Tuesday, December 3, 2013

Sources: DESE investigating Joplin R-8 School District

(From Sept. 18, 2013)
The Joplin R-8 School District has spent more than $2 million over the past four years for teaching/learning coaches.

The use of Title I and IDEA funds to pay for the salaries of people who have been serving more as administrators-in-training and as the eyes and ears of upper administration in the district schools, appears to be coming under state scrutiny.

The Missouri Department of Elementary and Secondary Education (DESE) is reportedly taking a close examination of how the Joplin R-8 School District is operating.

Jefferson City sources told the Turner Report that DESE is investigating the district after receiving complaints, from patrons, from legislative sources...and from within administration.

While the specifics of the investigation are still being kept hush-hush, people who have taken their concerns to the state department say state officials have examined documents that raise questions about the administration's use of Title I and IDEA funds, both federal programs, but both of which also operate under strict state guidelines.

One concern, a source close to administration told the Turner Report, was the use of Title I funds to pay for the teaching and learning coaches. State department officials say there would be no problem with the coaches if they were helping teachers who were working directly with students. The problem has been that the coaches have been told their job is to work with principals, not teachers, and the coaching positions, which have become a training ground for open principal positions in the district, have all of the appearances of an additional layer of administration. Coaches have also been told that their job is to be the eyes and ears of administration in their buildings.

The payments for coaches from the Title I program also led to the elimination of reading teachers... who were working directly with the students.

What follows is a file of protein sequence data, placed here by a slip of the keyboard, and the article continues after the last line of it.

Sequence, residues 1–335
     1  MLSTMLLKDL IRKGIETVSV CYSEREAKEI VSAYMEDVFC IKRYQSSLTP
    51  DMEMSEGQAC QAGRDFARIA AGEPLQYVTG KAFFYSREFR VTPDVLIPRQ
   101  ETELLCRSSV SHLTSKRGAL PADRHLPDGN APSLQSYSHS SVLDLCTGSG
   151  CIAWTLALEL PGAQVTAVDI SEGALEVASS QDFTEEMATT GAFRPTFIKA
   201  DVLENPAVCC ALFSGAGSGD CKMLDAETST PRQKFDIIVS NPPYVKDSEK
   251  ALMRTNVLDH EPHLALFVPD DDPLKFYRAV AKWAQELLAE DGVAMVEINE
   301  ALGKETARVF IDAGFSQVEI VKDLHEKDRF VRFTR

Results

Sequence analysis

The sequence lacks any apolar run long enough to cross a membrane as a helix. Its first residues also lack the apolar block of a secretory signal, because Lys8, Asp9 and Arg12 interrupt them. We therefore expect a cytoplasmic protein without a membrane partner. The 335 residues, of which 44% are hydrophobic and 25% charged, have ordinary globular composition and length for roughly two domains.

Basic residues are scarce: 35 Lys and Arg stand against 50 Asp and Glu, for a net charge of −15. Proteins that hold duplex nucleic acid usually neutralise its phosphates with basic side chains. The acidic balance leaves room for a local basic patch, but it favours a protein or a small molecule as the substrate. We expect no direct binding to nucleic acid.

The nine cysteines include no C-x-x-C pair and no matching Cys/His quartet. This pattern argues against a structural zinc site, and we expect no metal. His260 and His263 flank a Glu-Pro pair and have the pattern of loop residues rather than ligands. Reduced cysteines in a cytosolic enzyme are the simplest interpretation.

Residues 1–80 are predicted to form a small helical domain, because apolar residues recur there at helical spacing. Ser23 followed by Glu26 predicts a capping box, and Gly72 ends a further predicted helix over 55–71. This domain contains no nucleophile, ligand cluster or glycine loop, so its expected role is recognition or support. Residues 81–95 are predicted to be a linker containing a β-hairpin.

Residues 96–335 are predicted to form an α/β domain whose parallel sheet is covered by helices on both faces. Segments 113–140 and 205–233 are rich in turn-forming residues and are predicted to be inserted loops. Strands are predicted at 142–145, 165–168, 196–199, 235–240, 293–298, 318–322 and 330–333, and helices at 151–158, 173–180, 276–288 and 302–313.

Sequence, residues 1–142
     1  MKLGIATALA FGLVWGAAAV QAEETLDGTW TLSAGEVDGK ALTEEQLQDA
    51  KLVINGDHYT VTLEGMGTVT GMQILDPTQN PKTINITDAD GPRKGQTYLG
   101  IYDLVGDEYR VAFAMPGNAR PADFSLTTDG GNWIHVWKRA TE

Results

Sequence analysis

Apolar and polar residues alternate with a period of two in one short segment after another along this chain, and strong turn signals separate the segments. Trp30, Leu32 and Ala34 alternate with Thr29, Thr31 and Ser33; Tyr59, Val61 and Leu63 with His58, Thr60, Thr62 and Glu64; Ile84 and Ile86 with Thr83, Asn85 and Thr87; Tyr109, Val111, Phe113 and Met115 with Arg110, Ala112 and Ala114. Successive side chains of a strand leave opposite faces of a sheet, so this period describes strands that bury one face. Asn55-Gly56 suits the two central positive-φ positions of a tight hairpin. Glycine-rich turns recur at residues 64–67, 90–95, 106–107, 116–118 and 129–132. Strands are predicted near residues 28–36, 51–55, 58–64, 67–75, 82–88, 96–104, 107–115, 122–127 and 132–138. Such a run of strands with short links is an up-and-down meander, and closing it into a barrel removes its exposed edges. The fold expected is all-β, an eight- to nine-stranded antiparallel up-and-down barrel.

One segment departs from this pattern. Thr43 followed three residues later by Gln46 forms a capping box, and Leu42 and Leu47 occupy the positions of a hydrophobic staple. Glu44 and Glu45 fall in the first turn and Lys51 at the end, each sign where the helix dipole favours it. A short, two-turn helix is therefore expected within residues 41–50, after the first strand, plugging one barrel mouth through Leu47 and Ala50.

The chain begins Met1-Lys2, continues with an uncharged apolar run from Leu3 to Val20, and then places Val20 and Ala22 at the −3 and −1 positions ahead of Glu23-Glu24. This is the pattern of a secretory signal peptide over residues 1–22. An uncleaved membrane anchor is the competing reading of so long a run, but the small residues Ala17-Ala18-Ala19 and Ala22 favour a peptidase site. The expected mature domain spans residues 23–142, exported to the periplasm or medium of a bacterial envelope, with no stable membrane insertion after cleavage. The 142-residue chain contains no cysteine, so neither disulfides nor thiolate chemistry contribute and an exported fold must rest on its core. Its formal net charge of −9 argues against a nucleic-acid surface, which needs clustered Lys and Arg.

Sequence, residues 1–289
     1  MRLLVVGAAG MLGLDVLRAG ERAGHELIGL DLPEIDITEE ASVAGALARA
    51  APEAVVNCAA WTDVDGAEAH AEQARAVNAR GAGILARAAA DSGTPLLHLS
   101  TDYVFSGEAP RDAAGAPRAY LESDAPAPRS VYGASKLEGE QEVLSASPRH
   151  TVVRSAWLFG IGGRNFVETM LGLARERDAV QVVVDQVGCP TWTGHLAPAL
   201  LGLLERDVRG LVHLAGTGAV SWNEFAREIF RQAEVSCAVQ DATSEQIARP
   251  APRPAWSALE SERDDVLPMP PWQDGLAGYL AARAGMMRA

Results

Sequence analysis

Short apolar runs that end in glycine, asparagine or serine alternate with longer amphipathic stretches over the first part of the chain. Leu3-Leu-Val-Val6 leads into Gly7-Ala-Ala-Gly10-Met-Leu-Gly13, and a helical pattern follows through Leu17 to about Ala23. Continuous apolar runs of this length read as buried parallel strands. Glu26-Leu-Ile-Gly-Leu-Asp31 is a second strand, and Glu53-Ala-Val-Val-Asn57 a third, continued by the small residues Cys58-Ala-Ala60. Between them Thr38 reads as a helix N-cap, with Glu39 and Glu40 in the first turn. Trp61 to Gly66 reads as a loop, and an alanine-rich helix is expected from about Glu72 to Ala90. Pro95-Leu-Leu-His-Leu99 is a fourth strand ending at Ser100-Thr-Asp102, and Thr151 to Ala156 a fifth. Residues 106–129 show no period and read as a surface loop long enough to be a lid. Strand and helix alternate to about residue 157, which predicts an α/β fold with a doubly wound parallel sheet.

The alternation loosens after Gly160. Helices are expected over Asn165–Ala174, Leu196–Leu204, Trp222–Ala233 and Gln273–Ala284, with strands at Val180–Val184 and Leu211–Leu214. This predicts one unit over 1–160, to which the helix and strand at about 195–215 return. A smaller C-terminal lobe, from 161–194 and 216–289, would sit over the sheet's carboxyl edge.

If the state is examining the payment of coaches from Title I and IDEA funds, it will also be looking at the question of whether coaches who work at non Title I schools have been receiving funds, a violation of both state and federal laws.

Joplin High School, for instance, is not a Title 1 school.

During fiscal year 2013, $182,495 in Title I funds have been spent on teaching and learning coaches, while local taxpayers are paying $415,649 for a total of $598,145.

Fiscal year 2012 is also being scrutinized since $187,480 of the coaches' salaries comes from Title I and IDEA (Individuals with Disabilities Education Act) funds. IDEA funds are strictly designated only for use with those working directly with students who have IEPs (Individual Education Plans). Local taxpayers paid $355,224, while another $45,547 came from Title II A, a program that is designed for use in improving teacher quality. The total for 2012 was $589.251.

The transferring of hundreds of thousands to local taxpayers to pay for the extra layer of administration came only during the last two years, according to district documents. During fiscal year 2011, $314,885 came from Title I and IDEA, while Title II A funds covered the remaining $142,941 in salaries. The total for the year was $457,806.

Fiscal year 2010 documents show $38,372 in local funds, with $236,655 from Title I and IDEA (the district documents that I have do not separate how much funding came from either) and $248,421 from Title II A, for a total of $521,448.


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